GHC38m MASLOC Cash For Small Businesses
Small businesses at the regional and district levels are expected to benefit from a GH₵38m facility to be advanced by the Microfinance and Small Loans Centre (MASLOC) this year.
This is aimed at enabling prospective beneficiaries to shore-up their businesses as part of the Centre's programme of activities for the New Year.
This was contained in the Parliamentary Finance Committee report on the 2018 Programme Based Budget Estimates of the Office of Government Machinery.
“It will also approve and disburse a total amount of GHS19,181,000 to 3,036 SME applicants; and it will also disburse as a loan an amount of GHS5,045,000 to twenty Micro Finance Institutions.
“A total amount of GHS38,950,000 microfinance loans will be disbursed to beneficiaries at the regional and district levels.”
As part of capacity building, the Centre will hold a training programme targetted at youth and women to train them in shoemaking and shea butter,” the report noted.
The objective of MASLOC is to provide, manage and regulate on fiduciary basis approved funds for microfinance and small-scale credit schemes and programmes, and also serve as the apex body of the microfinance sub-sector.
MASLOC was launched by former President John Agyekum Kufuor to provide direct cash transfers and other business needs to poor households in Ghana which might not be in a position to support themselves.
The cash and other support given to these households are to help facilitate the setting-up of small businesses and expand already existing ones to enhance job- and wealth-creation.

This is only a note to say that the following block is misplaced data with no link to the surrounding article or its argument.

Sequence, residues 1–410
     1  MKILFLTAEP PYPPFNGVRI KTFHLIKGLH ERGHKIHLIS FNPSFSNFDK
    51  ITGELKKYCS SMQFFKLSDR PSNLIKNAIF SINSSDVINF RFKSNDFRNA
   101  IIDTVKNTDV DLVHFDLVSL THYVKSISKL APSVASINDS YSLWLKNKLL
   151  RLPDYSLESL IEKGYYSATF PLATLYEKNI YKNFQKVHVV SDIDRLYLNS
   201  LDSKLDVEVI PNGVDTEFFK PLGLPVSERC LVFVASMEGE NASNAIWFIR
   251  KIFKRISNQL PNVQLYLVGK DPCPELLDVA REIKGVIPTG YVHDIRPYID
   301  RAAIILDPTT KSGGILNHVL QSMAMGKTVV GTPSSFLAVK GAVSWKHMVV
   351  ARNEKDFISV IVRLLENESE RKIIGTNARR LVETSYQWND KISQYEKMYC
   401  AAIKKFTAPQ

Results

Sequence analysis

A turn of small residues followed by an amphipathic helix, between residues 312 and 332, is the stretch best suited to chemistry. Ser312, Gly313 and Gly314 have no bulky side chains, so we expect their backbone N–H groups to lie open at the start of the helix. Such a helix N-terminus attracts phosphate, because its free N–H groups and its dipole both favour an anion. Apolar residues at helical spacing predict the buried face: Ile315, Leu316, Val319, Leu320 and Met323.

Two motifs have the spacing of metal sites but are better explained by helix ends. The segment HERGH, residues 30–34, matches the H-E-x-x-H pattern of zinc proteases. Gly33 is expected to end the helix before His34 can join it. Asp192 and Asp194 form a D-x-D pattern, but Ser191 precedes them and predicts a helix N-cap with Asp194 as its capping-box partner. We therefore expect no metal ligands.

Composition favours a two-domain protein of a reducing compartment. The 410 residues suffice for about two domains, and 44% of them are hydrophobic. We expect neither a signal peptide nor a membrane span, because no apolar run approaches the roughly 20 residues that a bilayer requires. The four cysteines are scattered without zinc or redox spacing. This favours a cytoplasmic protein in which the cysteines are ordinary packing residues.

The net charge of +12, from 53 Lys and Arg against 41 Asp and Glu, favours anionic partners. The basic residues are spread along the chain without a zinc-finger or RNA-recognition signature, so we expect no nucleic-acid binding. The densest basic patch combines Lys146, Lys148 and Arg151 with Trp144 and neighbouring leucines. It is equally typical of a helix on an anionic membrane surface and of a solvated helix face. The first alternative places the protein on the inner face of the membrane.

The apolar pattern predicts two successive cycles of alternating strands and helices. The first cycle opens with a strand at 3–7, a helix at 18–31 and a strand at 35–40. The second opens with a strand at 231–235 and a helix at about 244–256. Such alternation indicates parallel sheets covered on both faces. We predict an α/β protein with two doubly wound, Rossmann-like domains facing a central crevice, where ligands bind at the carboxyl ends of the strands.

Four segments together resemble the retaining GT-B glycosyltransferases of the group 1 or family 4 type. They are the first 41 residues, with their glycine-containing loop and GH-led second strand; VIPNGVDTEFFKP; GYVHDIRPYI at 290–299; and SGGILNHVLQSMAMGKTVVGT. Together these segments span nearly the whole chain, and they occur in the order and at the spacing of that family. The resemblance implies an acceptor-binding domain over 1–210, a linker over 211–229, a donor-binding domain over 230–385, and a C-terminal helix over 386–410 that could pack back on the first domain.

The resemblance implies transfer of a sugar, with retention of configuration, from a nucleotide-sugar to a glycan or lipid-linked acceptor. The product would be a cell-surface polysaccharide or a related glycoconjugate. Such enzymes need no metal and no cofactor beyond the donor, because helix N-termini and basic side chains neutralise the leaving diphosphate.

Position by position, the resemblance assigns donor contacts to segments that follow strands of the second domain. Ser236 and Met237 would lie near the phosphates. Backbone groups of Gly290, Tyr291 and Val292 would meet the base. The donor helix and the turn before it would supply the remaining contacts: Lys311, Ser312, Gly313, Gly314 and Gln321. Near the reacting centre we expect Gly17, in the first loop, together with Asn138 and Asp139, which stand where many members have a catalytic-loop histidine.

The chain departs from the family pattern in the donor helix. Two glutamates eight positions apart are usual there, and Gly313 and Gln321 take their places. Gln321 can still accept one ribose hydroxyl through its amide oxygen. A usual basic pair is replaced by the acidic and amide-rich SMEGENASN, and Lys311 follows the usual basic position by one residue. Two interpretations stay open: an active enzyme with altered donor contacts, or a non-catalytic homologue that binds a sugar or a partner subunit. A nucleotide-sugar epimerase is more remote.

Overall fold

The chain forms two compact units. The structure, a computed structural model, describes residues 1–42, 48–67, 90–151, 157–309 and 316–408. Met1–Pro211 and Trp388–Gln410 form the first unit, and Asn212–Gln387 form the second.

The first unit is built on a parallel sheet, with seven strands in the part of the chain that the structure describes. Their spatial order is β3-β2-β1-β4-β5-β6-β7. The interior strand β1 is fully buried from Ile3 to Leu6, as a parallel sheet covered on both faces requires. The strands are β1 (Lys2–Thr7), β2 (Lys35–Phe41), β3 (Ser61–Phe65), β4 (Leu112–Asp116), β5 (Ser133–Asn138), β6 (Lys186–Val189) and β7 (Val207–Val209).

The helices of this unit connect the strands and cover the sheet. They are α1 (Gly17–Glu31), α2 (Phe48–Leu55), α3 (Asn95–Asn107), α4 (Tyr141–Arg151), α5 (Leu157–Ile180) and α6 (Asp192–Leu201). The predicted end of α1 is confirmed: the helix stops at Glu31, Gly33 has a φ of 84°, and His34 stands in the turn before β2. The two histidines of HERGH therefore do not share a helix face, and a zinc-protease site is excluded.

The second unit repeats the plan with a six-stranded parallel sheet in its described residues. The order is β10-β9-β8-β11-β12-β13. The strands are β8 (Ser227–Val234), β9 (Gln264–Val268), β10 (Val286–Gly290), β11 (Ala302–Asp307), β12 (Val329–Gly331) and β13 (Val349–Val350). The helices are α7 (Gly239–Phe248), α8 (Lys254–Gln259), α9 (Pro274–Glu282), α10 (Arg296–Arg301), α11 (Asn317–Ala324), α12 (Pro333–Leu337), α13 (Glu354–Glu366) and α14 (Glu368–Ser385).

With a vision to grow and develop small and micro businesses through the provision of sustainable microfinance, small loans and business services to Ghanaian entrepreneurs, the Centre is yet to fully reach its target.
Research published in the Journal of Economics and Sustainable Development indicates that the business advisory services offered by MASLOC to beneficiaries were identified to have improved the enterprises' [micro and small-scale enterprises' (MSEs] customer relations and attractions. All these have culminated into increases in earnings averaging 46.9%.
Despite its potential to help reduce poverty, the Centre's sustainability is under serious threat due to the high rate of default by beneficiaries.
“The sustainability of MASLOC is however constrained by the high rate of default. The default rates for individual loans and group loans were 20% and 25% respectively. Overdue payments were estimated at 20% and 30% for individual loans and groups loans respectively.
The study concludes that MASLOC should intensively monitor the MSEs in order to address misapplications of the loans they take, which will in turn reduce the rate of loan default.